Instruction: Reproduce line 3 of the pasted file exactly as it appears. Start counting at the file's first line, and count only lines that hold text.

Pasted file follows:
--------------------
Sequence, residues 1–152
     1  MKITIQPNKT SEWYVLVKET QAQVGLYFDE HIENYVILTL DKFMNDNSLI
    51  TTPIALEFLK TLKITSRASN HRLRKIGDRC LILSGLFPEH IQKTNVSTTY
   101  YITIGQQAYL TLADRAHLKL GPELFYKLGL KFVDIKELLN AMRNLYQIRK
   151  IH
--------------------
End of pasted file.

    51  TTPIALEFLK TLKITSRASN HRLRKIGDRC LILSGLFPEH IQKTNVSTTY